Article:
Tucked away in the woods just two miles from where Gold Creek splashes into Lake Pend Oreille sits an exceptional retreat: the Gold Creek Lodge. The almost ghost town of Lakeview is close by, a reminder of the gold rush of the 1850s. This newly renovated lodge was originally a brothel servicing disappointed miners, Lakeview residents, and other lonely folk. It then operated as a resort, after which it garnered a storied reputation as the Happy Hermit.
Dave McCahill discovered the place on the real estate market about three years ago and after a brief look-see, decided to buy it. Although it was timeworn and in much need of repair, he envisioned its potential. Now in its second operational year, Gold Creek Lodge is beginning to transform into a place that once existed only in Cahill’s brain.
I decided that the best way to discover Gold Creek Lodge was to immerse myself in its seclusion. Although the Lodge is car-accessible, my husband Young and I opted for the more scenic and faster route on the Bayview Boat Shuttle. The lake greeted us with clear skies and calm waters as Captain Wes Jones ferried us to the Lakeview dock in his 22-foot Duckworth.
After disembarking, Jones drove us the short distance through Lakeview and then the forest before delivering us to the Lodge’s broad graveled driveway. The full service hotel, restaurant, and bar were bustling with overnight guests, weekend campers, diners, and daytrippers. McCahill and his girlfriend, Kelli, met us on the restaurant porch and invited us in for a drink and a bite to eat. Halfway through our meal, Young looked at me and said, “I think that is one of the best burgers I’ve ever had in the Inland Northwest.”
The next day we ordered the Bunco Burger again with sweet potato fries, a small pizza, and the Golden Grilled Cheese. We told ourselves it was because we forgot to take pictures the first time, but it was truly delicious food, plain and simple. The breakfast menu, served from 8 a.m. to 11 a.m., was just as straightforward, with four menu items including an impeccable egg, bacon, and cheese biscuit; pancakes; and Dave’s Usual—two eggs, two slices of bacon, and toast. Lodge manager Bascom Palmer also informed us that Wednesday nights they served all-you-can-eat spaghetti, and the chef weekly crafted dinner specials.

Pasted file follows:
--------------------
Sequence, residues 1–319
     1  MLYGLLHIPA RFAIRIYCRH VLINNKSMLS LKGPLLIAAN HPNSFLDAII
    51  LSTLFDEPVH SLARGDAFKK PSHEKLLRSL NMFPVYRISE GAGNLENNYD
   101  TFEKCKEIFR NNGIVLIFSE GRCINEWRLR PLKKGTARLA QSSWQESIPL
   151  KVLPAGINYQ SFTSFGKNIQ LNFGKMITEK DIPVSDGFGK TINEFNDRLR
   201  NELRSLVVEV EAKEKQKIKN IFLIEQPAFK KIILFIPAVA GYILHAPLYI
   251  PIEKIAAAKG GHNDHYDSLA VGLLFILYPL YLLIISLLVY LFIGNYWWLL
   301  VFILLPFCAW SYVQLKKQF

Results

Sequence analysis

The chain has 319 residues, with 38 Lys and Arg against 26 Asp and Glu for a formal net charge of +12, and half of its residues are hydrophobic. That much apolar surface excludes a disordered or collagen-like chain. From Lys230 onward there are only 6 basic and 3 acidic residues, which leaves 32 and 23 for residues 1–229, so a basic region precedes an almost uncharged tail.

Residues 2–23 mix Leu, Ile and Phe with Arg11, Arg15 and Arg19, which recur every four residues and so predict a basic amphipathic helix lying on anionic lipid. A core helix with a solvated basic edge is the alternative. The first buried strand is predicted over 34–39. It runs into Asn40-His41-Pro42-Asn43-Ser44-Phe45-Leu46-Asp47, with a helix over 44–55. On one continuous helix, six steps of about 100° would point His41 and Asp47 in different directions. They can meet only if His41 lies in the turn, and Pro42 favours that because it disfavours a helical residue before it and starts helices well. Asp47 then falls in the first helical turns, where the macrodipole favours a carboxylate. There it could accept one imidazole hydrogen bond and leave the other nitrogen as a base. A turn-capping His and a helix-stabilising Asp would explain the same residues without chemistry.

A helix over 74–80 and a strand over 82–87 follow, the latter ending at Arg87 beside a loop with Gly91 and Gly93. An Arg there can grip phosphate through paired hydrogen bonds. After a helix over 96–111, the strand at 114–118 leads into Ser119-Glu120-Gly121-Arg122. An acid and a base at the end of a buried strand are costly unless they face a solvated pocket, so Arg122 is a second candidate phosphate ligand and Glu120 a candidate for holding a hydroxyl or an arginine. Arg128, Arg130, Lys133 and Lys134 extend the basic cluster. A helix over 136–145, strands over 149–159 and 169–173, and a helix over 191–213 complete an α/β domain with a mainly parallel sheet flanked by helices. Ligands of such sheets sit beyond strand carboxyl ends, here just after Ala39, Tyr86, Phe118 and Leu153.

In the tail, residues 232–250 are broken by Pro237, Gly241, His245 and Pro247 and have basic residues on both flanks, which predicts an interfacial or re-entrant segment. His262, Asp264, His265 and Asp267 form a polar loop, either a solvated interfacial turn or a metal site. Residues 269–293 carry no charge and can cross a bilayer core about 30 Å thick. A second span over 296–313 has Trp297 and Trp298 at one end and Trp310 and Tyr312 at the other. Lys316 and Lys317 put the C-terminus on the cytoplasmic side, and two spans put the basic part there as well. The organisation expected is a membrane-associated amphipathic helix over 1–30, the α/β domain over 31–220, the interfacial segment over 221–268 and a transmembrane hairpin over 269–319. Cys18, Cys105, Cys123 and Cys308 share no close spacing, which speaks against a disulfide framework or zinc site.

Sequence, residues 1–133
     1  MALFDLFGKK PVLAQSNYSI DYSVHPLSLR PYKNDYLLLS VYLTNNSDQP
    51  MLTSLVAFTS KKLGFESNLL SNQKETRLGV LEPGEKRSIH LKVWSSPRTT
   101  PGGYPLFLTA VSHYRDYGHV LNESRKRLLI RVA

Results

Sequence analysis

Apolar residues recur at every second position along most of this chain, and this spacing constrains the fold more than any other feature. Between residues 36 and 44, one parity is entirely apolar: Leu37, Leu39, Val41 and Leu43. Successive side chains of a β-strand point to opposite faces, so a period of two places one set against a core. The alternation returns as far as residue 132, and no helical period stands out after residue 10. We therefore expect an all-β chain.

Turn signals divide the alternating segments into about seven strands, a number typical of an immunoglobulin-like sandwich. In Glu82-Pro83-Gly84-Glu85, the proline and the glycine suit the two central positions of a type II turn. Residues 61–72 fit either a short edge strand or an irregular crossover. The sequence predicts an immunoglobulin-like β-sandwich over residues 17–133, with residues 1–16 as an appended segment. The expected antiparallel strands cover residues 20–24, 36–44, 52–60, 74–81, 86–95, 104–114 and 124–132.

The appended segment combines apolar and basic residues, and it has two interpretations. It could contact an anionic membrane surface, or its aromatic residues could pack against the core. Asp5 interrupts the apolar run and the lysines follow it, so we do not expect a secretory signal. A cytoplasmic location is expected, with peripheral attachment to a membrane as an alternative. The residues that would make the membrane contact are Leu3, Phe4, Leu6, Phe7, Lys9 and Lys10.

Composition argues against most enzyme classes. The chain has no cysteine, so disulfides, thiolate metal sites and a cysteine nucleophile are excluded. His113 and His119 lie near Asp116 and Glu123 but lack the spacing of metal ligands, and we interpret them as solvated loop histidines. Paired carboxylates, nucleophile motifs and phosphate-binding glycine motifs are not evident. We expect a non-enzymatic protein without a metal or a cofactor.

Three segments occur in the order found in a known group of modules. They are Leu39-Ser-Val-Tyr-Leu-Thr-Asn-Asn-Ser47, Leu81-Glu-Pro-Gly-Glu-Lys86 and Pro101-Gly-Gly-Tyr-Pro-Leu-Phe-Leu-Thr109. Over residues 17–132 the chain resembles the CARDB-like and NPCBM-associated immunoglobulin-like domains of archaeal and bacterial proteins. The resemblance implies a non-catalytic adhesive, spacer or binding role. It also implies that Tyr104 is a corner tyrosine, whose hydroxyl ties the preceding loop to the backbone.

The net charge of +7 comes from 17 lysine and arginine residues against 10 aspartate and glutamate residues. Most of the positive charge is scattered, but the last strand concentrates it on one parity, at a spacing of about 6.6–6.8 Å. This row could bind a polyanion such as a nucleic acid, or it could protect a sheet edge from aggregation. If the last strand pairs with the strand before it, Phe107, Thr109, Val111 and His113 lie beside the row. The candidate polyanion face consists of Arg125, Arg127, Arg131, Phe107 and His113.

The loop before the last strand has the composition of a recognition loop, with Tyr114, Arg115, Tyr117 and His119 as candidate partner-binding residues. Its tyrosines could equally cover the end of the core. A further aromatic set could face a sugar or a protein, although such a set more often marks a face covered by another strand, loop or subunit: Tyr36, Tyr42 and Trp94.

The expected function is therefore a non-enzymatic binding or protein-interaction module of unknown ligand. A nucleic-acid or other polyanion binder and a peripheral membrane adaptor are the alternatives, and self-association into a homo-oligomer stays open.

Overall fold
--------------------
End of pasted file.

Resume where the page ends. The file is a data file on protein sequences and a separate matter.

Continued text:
I could talk about food for pages, but Gold Creek isn’t just a restaurant. Its fundamental aspiration is to be North Idaho’s premier outdoor adventure lodge. So, let’s talk adventure.
Gold Creek Lodge is surrounded on all sides by National Forest. McCahill reminded us that Bernard Peak and Packsaddle Mountain are “in our backyard.” With such easy accessibility, McCahill is creating the perfect basecamp for hikers, kayakers, wake surfers, foragers, mountain bikers, and dirt bikers during the summer, as well as tele skiers, snowshoers, backcountry skiers, snowmobilers, and snow bikers during the winter. The adventure options are endless and for all ages, pursuits, and skills.
During our stay, we paddleboarded with Kelli along the lakeshore on the lodge’s inflatable rental boards and explored the trails that ran the circumference of the property. After all the sun, activity, and food, the soft beds and clean rooms ushered us quickly into sleep. We stayed in one of the nine revitalized hotel rooms, each with two queen beds, a large screen TV, cozy bathroom, and fluffy white towels. A nearby campground offered newly groomed trailer and RV spaces, accompanied by a chic outhouse. A partially-constructed yurt sat on the other side of the pond near the road that, next summer, will lead to a secluded tent campground on the back of the property.
Although McCahill has a house in Coeur d’Alene, he spends most of his time during the summer, and some during the winter, in his apartment above the Lodge’s massive garage. KTM dirt bike rentals, guests’ bikes and McCahill’s motorbikes, mountain bikes, and other outdoor gear occupied the garage during our tour of the buildings. His mannerisms, conversations, and collection of motorized and non-motorized vehicles made it obvious that he is passionate—not just about getting out and enjoying the wonders of North Idaho, but also about this place and culture he is building around him. In Palmer’s words, “Whether we make money with this place or not, for us, it’s all about the ride and the adventure.”//